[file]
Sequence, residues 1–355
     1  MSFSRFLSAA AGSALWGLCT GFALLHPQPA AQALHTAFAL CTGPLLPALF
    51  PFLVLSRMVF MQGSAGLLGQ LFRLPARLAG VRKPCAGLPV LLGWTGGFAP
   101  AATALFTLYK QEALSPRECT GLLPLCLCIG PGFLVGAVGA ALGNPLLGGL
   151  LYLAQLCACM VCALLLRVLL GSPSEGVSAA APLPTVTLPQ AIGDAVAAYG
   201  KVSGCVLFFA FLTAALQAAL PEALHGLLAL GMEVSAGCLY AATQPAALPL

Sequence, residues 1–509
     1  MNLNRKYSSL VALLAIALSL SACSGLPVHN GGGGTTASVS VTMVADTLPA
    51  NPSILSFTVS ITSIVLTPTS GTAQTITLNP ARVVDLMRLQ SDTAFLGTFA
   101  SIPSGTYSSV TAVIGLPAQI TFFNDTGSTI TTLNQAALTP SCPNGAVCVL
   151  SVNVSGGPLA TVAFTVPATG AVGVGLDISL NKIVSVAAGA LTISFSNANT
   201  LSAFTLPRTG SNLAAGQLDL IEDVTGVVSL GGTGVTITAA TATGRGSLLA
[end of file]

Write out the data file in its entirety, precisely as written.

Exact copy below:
Sequence, residues 1–355
     1  MSFSRFLSAA AGSALWGLCT GFALLHPQPA AQALHTAFAL CTGPLLPALF
    51  PFLVLSRMVF MQGSAGLLGQ LFRLPARLAG VRKPCAGLPV LLGWTGGFAP
   101  AATALFTLYK QEALSPRECT GLLPLCLCIG PGFLVGAVGA ALGNPLLGGL
   151  LYLAQLCACM VCALLLRVLL GSPSEGVSAA APLPTVTLPQ AIGDAVAAYG
   201  KVSGCVLFFA FLTAALQAAL PEALHGLLAL GMEVSAGCLY AATQPAALPL

Sequence, residues 1–509
     1  MNLNRKYSSL VALLAIALSL SACSGLPVHN GGGGTTASVS VTMVADTLPA
    51  NPSILSFTVS ITSIVLTPTS GTAQTITLNP ARVVDLMRLQ SDTAFLGTFA
   101  SIPSGTYSSV TAVIGLPAQI TFFNDTGSTI TTLNQAALTP SCPNGAVCVL
   151  SVNVSGGPLA TVAFTVPATG AVGVGLDISL NKIVSVAAGA LTISFSNANT
   201  LSAFTLPRTG SNLAAGQLDL IEDVTGVVSL GGTGVTITAA TATGRGSLLA